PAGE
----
It is so easy to intend to make such and such a priority…to plan on doing that thing you’ve been putting off…to do whatever. But, if you don’t make a plan and follow it, you’ll end up going wherever you’re headed, instead of where you had hoped. It’s terrifying, actually. Having kids has made it even more disturbing to me — like everyone says, they grow up so fast. If we’re not intentional about our direction, we very likely won’t end up where we had planned…and likely won’t notice we’re headed there until we’ve already arrived. Eep! Same as with finances and prayer…same as with everything, I suppose…the sooner you start implementing this habit, the sooner it will become a habit, and the more you can utilize it to your advantage.
SUGGESTION | Every year, take a weekend vacation where you discuss where your relationship is at, what you want for the next year, and your future hopes and dreams. Before you have kids, this is pretty easy to do. If the budget is tight, you can go camping and talk while walking trails in the woods. However, this becomes far more difficult when kids enter the picture for the obvious reasons; but once kids enter the picture, it’s absolutely CRUCIAL that you do this. It’s so easy for your role of parent to completely trample over your role as spouse. Even if you can’t do an entire weekend, at least find a night where someone can watch the kids, and you and your spouse can discuss where you’re at.
Mistake #5 – Don’t Communicate Love To Your Spouse Using Their Love Language
The idea of love languages comes from a book called “The Five Love Languages” by Gary D. Chapman. The premise of the book is that each of us express and receive love using one of the five love languages:
- Words of affirmation
- Acts of service
- Receiving gifts
- Quality time
- Physical touch
While we may appreciate when someone communicates love to us using any of the love languages, each of us best feels loved when someone communicates love to us with our personal love language. Usually, we attempt to express love the same way we like to receive love, but not necessarily always. My wife seems to feel most loved when she receives words of affirmation, but she defaults most of the time to acts of service.
My love language is quality time.
My love language is words of affirmation. Or, at least, we’re pretty sure that it is 😉*edit* Since I was unsure, I took the quiz here, and it actually said my love language is acts of service
I feel loved just by sitting next to her watching a movie. It’s likewise really frustrating for me when I’m trying to share something with her and she doesn’t give it her full attention. On the flip side, I’m very bad at naturally being affirming with my words.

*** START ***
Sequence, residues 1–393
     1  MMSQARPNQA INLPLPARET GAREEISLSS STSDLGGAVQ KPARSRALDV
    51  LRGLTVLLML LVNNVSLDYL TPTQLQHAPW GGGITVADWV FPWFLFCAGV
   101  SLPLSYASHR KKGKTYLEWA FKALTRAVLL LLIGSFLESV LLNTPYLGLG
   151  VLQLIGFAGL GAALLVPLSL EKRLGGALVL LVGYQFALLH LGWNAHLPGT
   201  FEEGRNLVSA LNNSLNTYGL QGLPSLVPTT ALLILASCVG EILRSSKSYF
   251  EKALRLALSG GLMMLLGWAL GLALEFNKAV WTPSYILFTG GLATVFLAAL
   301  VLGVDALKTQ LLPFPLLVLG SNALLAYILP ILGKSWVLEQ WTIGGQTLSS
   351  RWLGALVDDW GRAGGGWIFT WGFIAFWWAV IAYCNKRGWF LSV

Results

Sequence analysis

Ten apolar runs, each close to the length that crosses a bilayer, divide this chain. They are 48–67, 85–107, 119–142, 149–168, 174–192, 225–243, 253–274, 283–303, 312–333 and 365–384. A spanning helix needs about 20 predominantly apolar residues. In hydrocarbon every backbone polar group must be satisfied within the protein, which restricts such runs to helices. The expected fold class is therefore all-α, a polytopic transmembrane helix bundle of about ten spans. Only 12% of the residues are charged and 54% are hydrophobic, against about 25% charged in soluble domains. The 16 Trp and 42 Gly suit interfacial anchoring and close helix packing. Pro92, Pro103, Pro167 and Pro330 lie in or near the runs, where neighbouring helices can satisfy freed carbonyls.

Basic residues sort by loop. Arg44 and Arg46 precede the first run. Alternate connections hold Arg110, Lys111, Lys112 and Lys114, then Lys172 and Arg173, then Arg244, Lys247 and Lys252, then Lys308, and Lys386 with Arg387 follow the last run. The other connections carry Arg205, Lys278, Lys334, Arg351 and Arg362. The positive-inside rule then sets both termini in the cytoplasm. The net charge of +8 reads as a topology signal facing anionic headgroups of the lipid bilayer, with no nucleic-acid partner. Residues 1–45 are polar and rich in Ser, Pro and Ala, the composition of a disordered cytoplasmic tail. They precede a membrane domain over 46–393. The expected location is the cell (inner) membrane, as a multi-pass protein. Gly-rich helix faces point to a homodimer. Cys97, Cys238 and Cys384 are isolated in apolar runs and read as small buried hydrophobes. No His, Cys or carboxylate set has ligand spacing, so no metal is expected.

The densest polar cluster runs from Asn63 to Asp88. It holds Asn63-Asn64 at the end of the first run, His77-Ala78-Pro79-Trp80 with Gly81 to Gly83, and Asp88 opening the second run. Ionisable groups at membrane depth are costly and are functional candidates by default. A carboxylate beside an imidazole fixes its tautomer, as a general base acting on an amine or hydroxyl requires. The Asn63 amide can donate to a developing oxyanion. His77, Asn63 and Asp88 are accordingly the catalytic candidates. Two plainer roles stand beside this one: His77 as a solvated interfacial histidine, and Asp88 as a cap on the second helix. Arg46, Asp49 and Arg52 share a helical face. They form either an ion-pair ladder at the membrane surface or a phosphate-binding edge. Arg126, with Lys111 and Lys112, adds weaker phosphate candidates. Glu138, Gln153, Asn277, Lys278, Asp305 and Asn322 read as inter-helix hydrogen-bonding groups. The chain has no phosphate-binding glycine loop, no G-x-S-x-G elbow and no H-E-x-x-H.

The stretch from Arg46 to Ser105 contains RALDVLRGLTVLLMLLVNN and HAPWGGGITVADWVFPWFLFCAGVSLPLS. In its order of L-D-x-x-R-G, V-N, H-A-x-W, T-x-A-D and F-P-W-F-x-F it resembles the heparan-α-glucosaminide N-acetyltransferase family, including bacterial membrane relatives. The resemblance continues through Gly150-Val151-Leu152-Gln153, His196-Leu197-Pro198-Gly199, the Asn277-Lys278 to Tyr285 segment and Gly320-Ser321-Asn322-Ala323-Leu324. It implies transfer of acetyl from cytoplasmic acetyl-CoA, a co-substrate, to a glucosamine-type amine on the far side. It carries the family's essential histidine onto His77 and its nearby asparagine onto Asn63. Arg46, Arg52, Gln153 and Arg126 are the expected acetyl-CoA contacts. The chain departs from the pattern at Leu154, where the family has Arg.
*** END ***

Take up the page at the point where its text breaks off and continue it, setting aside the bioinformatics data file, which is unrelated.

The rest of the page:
Here’s a regular criss-cross of love languages in our home: I come home from work wanting to relax with my wife and spend quality time with her. She, however wants to serve me by getting a bunch of stuff done. I become frustrated that she isn’t spending time with me, and I voice my frustration that she won’t join me. She then becomes frustrated that I used my words not to affirm her for her hard work, but criticize her for not spending time with me.
- I was trying to communicate love through quality time, but she didn’t feel loved because I did not use my words to affirm her.
- She was trying to communicate love through service, but I did not feel loved because she did not spend time with me.
- The end result is frustration (and possibly an argument), and all of this occurred because we weren’t expressing language the way the other person receives love.
Ugh, this one drives me crazy! It’s so incredibly difficult! It’s super tricky because both of you are naturally inclined to express love one way, and also interpret or receive love in a certain way. Altering this is, in my experience, an on-going process…as well as a sacrificial act. The example of a criss-cross of love languages in our household that Sean gave was extremely accurate. It’s a huge challenge for us to not assess how we feel the other is loving us, instead of first seeking to find what we can do to support and encourage by communicating love to them the way they receive it…I’m striving to learn to love my husband in the way he best receives love, regardless of his method of expression of love toward me.
SUGGESTION | Discover and discuss each of your love languages. Knowing how each of you show love and feel loved can be a major breakthrough for your relationship.
Those are our five big marriage mistakes! What are some mistakes which you’ve made?